• Production of paper records as either paper or ESI?
  • Proprietary or legacy data?
  • Attorney-client, work product, or other privilege issues?
  • Sensitive confidential, personal, grand jury, classified, tax return, trade secret, or similar information?
  • Whether email transmission is inappropriate for any categories of ESI discovery?
  • Incarcerated defendant’s access to discovery materials?
  • ESI discovery volume for receiving party’s planning purposes?
  • Parties’ software or hardware limitations?
  • Production of ESI from 3rd party digital devices?
  • Forensic images of ESI digital devices?
  • Metadata in 3rd party ESI?
  • Redactions?
  • Reasonable schedule for producing party?
  • Reasonable schedule for receiving party to give notice of issues?
  • Appropriate security measures during transmission of ESI discovery, e.g., encryption?
  • Adequate security measures to protect sensitive ESI against unauthorized access or disclosure?
  • Need for protective orders, clawback agreements, or similar orders or agreements?
  • Collaboration on sharing costs or tasks?
  • Need for receiving party’s access to original ESI?

Preserving a record of discovery produced?
Have the parties memorialized their agreements and disagreements?
Do the parties have a system for resolving disputes informally?
Is there a need for a designated discovery coordinator for multiple defendants?
Do the parties have a plan for managing/returning ESI at the conclusion of the case?


Electronic Discovery in a Criminal Case? Call Casey at 813-222-2220 .


Destruction and Spoliation of Evidence | Sanctions

“The sanctions: Defendant to be imprisoned for up to two years, or
until he paid the attorneys’ fees and costs estimated to be a “significant amount.”

Spoliation of Evidence, ESI, destruction of evidence, Electronically Stored Information,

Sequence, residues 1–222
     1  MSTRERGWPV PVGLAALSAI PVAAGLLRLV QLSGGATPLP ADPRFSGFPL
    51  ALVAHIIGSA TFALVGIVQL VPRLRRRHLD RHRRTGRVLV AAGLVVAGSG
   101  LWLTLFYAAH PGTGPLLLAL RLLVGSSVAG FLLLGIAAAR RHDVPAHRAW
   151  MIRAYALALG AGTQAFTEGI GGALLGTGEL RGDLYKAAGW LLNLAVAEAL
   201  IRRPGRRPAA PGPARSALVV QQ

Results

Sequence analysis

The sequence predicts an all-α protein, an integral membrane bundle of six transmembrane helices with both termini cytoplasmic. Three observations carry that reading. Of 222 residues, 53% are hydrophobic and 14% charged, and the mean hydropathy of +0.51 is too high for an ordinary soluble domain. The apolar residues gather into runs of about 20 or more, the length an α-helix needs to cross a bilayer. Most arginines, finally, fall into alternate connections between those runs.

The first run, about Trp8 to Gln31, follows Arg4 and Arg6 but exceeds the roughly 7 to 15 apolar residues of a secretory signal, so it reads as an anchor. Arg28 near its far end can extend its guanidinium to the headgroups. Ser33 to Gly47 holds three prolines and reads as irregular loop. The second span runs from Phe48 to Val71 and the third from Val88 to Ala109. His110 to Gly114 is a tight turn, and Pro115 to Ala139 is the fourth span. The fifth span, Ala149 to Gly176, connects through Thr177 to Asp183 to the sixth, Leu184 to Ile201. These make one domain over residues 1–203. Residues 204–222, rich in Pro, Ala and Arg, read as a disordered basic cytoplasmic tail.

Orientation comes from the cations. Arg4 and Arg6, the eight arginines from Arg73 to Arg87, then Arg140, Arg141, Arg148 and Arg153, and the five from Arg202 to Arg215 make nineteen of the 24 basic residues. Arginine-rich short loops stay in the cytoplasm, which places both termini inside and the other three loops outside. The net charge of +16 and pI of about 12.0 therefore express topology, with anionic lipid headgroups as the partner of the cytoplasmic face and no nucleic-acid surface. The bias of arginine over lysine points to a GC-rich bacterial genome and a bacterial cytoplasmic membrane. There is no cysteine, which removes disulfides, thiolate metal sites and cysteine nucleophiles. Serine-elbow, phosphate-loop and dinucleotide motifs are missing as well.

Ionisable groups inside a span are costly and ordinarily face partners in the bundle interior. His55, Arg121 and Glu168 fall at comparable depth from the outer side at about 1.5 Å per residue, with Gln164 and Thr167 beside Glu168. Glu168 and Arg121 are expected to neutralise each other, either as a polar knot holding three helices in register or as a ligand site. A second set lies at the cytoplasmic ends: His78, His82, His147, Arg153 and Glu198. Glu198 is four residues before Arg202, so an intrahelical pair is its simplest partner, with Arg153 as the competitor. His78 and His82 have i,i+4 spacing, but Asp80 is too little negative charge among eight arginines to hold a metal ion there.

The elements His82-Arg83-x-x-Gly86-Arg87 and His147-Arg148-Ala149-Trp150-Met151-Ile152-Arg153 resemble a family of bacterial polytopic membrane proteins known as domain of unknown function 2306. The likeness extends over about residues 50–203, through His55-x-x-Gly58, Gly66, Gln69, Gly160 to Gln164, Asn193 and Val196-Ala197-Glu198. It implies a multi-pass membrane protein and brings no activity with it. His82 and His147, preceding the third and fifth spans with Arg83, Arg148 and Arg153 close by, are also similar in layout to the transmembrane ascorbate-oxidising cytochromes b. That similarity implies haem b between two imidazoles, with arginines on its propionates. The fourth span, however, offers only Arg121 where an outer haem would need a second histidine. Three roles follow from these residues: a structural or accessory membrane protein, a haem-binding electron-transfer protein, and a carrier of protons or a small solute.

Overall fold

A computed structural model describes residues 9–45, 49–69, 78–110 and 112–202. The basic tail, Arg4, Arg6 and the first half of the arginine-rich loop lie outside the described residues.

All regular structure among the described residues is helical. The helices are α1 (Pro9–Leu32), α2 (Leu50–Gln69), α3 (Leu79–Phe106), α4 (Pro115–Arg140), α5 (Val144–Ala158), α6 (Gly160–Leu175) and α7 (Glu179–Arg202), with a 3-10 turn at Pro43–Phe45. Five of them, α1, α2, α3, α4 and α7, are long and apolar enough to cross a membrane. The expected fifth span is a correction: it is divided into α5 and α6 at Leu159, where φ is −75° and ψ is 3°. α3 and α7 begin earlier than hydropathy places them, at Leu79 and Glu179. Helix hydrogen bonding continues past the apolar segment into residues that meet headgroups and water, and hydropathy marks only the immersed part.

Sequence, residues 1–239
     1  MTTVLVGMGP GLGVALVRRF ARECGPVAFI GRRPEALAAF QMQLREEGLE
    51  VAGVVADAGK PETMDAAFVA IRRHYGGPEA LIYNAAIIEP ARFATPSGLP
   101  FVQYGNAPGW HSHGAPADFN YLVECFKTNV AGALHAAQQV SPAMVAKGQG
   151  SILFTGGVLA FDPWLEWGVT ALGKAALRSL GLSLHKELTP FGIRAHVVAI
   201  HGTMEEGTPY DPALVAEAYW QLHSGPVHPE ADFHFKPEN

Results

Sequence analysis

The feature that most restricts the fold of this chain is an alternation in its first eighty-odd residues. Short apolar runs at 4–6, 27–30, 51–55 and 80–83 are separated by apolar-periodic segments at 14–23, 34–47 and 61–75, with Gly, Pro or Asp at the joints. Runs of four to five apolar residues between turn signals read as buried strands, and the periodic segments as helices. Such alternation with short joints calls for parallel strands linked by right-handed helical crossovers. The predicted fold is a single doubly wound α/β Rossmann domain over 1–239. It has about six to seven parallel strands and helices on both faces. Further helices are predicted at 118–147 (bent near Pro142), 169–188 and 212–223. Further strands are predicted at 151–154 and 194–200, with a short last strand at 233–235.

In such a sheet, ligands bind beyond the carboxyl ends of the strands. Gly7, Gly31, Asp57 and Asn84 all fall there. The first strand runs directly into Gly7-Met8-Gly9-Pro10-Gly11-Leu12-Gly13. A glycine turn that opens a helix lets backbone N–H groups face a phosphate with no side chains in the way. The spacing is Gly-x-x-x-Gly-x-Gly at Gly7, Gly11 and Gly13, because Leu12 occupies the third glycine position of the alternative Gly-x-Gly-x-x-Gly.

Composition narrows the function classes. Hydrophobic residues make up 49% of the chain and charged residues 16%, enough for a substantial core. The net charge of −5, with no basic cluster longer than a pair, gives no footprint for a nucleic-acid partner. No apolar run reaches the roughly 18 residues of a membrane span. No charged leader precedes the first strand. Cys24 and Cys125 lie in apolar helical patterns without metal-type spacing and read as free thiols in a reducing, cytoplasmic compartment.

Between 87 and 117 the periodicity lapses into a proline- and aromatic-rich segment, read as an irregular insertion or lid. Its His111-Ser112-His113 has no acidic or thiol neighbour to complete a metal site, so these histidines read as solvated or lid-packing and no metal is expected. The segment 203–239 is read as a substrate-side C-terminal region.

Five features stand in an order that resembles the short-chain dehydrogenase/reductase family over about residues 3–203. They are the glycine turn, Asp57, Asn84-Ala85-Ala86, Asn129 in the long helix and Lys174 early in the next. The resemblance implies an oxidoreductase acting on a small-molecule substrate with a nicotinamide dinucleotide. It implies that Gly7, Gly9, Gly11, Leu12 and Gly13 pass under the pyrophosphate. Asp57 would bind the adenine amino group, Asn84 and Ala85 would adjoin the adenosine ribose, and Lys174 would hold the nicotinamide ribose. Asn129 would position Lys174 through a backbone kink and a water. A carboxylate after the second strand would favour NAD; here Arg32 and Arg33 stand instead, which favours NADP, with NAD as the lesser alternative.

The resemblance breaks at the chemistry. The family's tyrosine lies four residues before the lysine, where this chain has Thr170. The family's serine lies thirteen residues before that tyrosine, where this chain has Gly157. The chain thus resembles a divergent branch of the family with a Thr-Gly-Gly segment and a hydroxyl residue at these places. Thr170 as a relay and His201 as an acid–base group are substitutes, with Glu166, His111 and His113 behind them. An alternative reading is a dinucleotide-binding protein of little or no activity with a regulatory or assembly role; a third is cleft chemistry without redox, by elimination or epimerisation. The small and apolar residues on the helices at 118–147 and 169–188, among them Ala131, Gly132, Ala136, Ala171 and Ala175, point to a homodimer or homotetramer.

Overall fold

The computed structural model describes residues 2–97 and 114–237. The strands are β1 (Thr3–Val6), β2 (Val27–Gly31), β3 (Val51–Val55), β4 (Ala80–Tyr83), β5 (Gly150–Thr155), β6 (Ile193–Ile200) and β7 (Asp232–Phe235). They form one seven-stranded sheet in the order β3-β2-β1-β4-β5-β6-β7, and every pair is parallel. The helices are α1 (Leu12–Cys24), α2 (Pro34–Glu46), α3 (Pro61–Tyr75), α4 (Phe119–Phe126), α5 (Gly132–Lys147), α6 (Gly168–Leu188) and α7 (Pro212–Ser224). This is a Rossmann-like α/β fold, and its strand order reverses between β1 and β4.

Spoliation of Evidence

Spoliation

Spoliation of Evidence in Cybercrimes


Florida Cybercrime  Attorney has been researching sanctions for destruction of evidence, also known as Spoliation. The Sanctions: Defendant to Pay Attorneys’ Fees or Serve Two Years Imprisonment for “Egregious” Discovery Misconduct.

 


The plaintiff sought sanctions arising out of the defendants’ intentional spoliation of evidence and other litigation misconduct in this intellectual property litigation. There were eight preservation issues including: use of wiping software; failure to implement litigation hold; failure to preserve an external hard drive; failure to preserve files and e-mails notwithstanding plaintiff’s demands and several court orders.

 


The Judge found through four years of discovery, the defendant had actual knowledge of his duty to preserve, “yet delayed and misrepresented the completeness of the ESI [Electronically Stored Information] production and deleted, destroyed and otherwise failed to preserve evidence.” The Judge then found the destruction “collectively constitute[d] the single most egregious example of spoliation [that he has] encountered in any case & in nearly fourteen years on the bench.”

The sanctions: Defendant to be imprisoned for up to two years, or until he paid the attorneys’ fees and costs estimated to be a “significant amount.”

Sources:

Victor Stanley, Inc. v. Creative Pipe, Inc., 2010 WL 3703696 (D. Md. Sept. 9, 2010)
http://www.krollontrack.com/newsletters/clu-102010/CLU-102010-decisions.html ?news=US_CaseLaw_Oct_10-a&#D1

Computer Search Warrant Tampa – Overbroad

 

Tampa Federal Criminal Defense Attorney Lawyer - Computer Search Warrant

Computer Search Warrant

Tampa Federal Criminal Defense Attorney, Lawyer W.F. ”Casey” Ebsary, Jr. , noted a recent case decided on the scope of search warrants issued in computer cases. Wired magazine noted:

“A divided 11-judge federal appeals court panel has dramatically narrowed the government’s search-and-seizure powers in the digital age, ruling Wednesday that federal prosecutors went too far when seizing 104 professional baseball players’ drug results when they had a warrant for just 10.”

The Court suggested that during a computer’s hard drive search, data should be culled to include the specific data described in the search warrant. The entire hard drive should not be subject to a wholesale review. When the entire drive is seized, an independent third party should review the data. The information should be limited by the Court. The term “filter teams” has been used to refer to the third party who review data seized by a search warrant.

The Appeals Court stated that the judge reviewing the search warrant application should “deny the warrant altogether” if the government does not agree to a third-party review in cases where data will be searched.

Has your data been the subject of a Search Warrant? We can help. Call Toll Free 1-877-793-9290 .

Source: wired.com/threatlevel/2009/08/privacyboost/

Computer Search Warrant Tampa – Overbroad